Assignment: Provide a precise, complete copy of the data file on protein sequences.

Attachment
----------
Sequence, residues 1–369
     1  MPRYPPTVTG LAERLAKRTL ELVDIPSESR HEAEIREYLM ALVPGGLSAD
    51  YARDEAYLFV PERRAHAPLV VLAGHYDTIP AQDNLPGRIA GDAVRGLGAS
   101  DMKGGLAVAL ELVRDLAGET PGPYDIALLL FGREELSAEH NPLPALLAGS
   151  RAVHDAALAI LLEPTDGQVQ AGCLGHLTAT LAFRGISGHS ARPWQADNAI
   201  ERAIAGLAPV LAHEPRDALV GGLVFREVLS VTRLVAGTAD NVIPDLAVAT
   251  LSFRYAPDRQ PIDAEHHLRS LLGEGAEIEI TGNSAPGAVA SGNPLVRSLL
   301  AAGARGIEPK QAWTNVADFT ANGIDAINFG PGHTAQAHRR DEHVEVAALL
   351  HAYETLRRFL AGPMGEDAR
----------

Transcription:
Sequence, residues 1–369
     1  MPRYPPTVTG LAERLAKRTL ELVDIPSESR HEAEIREYLM ALVPGGLSAD
    51  YARDEAYLFV PERRAHAPLV VLAGHYDTIP AQDNLPGRIA GDAVRGLGAS
   101  DMKGGLAVAL ELVRDLAGET PGPYDIALLL FGREELSAEH NPLPALLAGS
   151  RAVHDAALAI LLEPTDGQVQ AGCLGHLTAT LAFRGISGHS ARPWQADNAI
   201  ERAIAGLAPV LAHEPRDALV GGLVFREVLS VTRLVAGTAD NVIPDLAVAT
   251  LSFRYAPDRQ PIDAEHHLRS LLGEGAEIEI TGNSAPGAVA SGNPLVRSLL
   301  AAGARGIEPK QAWTNVADFT ANGIDAINFG PGHTAQAHRR DEHVEVAALL
   351  HAYETLRRFL AGPMGEDAR